The duty of showing Clemens around the ship falls to a cheerful Toby, who proudly shows him the living areas, the Captain’s quarters, the very-large cargo hold, the galley and kitchen where the overly-devout Joseph (Jon Jon Briones) cooks the crews meals, the various above decks, even the sails, and the rigging are all at least touched on, and the livestock pens that Toby himself is in charge of, including the handsome good-boy doggy Huckleberry, or just Huck. We the audience get a very clear feeling of what it’s like to actually be aboard the Demeter, just how large she really is, and what living on a ship for months at sea is really like, the reality and practicality and the dangers of it.
Everyone more or less settles in for a hopefully uneventful voyage, taking mess around the common table and exchanging ideas or aspirations for when they arrive in London early thanks to the fair winds, and receive a handsome bonus for their troubles. But that involves being alive and making it to London to spend said bonus and pay, and the coffin crates spilling dark soil from the motherland and disgorging all sorts of other nasty secrets, have some serious plans to the contrary.
First, it’s the livestock, innocent and shrieking in their locked pens as a monster takes great furious bites out of their necks, and of course, the creature just straight up ruins poor doggy Huck. Then there’s the fully grown girl that gets dislodged from an open coffin-crate, covered in bite scars and as pale as death, she eventually starts interacting and talking after several blood transfusions from Doc Clemens, Toby learns her name is Anna (Aisling Franciosi). And then, as the weather turns foul and the winds begin to be a serious problem, the attacks turn toward the remaining humans onboard the Demeter.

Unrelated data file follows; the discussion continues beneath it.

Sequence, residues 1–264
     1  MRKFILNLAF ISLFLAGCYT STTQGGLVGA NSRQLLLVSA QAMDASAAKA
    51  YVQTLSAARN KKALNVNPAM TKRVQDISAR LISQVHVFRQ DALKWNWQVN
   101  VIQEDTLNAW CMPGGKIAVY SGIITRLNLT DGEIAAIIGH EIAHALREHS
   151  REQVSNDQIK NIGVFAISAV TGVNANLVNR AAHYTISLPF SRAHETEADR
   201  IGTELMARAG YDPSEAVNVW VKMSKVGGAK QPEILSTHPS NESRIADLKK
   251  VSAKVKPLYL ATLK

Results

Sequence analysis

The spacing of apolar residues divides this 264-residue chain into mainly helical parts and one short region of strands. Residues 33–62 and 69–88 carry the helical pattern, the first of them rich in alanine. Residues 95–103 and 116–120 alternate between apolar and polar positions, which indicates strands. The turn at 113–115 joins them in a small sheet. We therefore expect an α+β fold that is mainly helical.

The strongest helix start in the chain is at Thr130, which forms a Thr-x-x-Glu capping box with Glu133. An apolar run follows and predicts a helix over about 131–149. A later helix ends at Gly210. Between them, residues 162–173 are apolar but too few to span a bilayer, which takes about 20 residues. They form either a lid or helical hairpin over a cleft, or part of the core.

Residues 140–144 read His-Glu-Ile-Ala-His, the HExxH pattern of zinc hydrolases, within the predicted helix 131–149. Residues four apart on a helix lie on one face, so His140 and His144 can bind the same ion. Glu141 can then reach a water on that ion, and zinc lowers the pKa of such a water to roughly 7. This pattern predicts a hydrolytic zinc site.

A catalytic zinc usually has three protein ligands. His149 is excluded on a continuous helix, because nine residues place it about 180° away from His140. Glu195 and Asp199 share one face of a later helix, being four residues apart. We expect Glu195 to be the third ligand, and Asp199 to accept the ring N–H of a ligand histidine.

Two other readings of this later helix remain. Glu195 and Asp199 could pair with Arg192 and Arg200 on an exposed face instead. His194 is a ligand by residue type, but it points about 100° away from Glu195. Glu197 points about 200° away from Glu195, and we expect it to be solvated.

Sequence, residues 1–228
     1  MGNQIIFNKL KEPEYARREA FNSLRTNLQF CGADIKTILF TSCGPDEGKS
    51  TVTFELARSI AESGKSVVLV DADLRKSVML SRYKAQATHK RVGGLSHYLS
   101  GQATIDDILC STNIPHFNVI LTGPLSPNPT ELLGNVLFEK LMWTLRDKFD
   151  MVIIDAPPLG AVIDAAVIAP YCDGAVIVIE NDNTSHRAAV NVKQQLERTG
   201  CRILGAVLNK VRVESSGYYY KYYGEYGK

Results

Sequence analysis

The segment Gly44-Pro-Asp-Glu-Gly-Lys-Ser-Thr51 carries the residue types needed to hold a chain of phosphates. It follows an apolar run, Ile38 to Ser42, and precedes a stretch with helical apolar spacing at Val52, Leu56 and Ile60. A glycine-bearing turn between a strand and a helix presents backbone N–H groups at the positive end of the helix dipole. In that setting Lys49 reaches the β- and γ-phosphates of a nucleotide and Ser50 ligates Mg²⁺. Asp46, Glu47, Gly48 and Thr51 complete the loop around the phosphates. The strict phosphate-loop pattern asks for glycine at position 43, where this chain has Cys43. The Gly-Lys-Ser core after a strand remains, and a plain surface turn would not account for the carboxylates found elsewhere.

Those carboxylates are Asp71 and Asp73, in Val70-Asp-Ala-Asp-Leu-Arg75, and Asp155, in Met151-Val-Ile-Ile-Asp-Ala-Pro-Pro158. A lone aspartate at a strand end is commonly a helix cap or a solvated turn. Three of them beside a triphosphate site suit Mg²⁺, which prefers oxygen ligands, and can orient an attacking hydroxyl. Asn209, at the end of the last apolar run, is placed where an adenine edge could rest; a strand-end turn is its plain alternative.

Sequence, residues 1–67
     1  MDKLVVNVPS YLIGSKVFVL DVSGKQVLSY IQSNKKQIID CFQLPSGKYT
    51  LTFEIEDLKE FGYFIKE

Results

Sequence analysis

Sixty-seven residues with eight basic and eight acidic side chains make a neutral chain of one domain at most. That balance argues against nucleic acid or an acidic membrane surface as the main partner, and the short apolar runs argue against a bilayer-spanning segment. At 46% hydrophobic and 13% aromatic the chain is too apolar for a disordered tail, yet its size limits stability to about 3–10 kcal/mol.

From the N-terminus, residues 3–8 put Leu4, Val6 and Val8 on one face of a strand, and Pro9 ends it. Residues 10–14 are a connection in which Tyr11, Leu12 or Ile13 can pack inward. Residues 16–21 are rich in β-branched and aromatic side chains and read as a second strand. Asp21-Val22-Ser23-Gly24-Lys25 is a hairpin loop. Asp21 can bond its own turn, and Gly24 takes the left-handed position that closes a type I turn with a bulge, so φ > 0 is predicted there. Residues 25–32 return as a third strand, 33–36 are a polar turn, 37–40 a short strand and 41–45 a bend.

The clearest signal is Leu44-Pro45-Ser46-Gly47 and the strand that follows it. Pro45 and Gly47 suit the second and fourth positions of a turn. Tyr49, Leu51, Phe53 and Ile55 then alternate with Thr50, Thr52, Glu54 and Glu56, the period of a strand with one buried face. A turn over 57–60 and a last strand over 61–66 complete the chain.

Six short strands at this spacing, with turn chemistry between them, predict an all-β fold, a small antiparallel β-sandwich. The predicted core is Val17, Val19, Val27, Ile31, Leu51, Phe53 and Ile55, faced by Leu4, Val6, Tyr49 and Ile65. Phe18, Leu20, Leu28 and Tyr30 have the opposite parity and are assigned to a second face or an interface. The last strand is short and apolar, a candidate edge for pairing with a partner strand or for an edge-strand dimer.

Most people these days are familiar with Dracula, that gorgeous cunning vampire Elder who can supposedly transform into a bat or a wolf, seducing women to voluntarily offer up their veins like an unholy sacrament, a being at once beautiful and powerful, but also horrific and murderous if given half a heartbeat to smell your blood. This is not Dracula.
Instead, the creature that hunts the humans occupying the Demeter is an absolute monster, not a single human feature left to it, barely even recognizable as humanoid-shaped, instead boasting not just full-length bat wings but an entire exo-skin of bat membranes that can be used for feeding, a mouth full of needle-like teeth akin to a predator of the deepest darkest parts of the ocean, those yellowed Nosferatu eyes that will not tolerate light in any way, and of course giant pointy bat-ears. This is a thing, a grotesque straight from the depths of Hell, and no amount of glamor magic can make this Dracula (Javier Botet) seem like anything other than what he, is – a parasitic demon who only wants your blood. There is no reasoning with it, no trapping it, not even really any talking to it (kinda hard to talk when your throat has been ripped out), and, like the much more frightening Dracula stories of old, no amount of pure faith behind a symbol does anything other than give false hope.
Coming face to face with an actual abomination does different things to different people. The formerly delightfully foul-mouthed Abrams (Chris Walley) dissolves into a blubbering mess; poor Larsen (Martin Furulund) didn’t even get to see his own death coming; and it turns out Olgaren (Stefan Kapicic) wants to live so badly, he’ll suffer becoming a blank-eyed Renfield if that’s what it takes. All of Cook Joseph’s purported pure faith didn’t stop him from trying to take the coward’s way out and didn’t save him anyway when the sound of unnatural bat wings descended on him. I find that kind of irony delicious. Dear Anna, resigned to her fate to be eternal food for the horror that terrorized her village, nevertheless wants to try and save whoever is left of the Demeter with her own sacrifice, and there aren’t many. Wojchek of course wants to kill Dracula, but for all his logic and solid practical nature, has no experience whatsoever with this sort of thing, and sure doesn’t want to sacrifice the Demeter, the beloved ship he called home that was promised to him by Captain Eliot himself, in order to destroy that demon. Even poor sweet Toby isn’t safe from the creature’s clutches, and what happens to the cabin boy of the Demeter is what finally sends Captain Eliot over the blooming edge. And who could blame him? For this sort of thing to happen during the last voyage of such a proud, solid ship as the Demeter, is some serious bullsh*t.
To leave such a film open for a potential sequel, especially when called the last voyage of something, was a pretty hefty ask, and somehow the filmmakers managed it. I personally think a different version of Van Helsing, the infamous vampire hunter, teaming up with a certain black doctor who nurses a serious grudge against Dracula, could be a kickass sequel. Until then, experience the doomed final journey of the Demeter and her poor crew in all it’s bloodstained glory, in theaters now!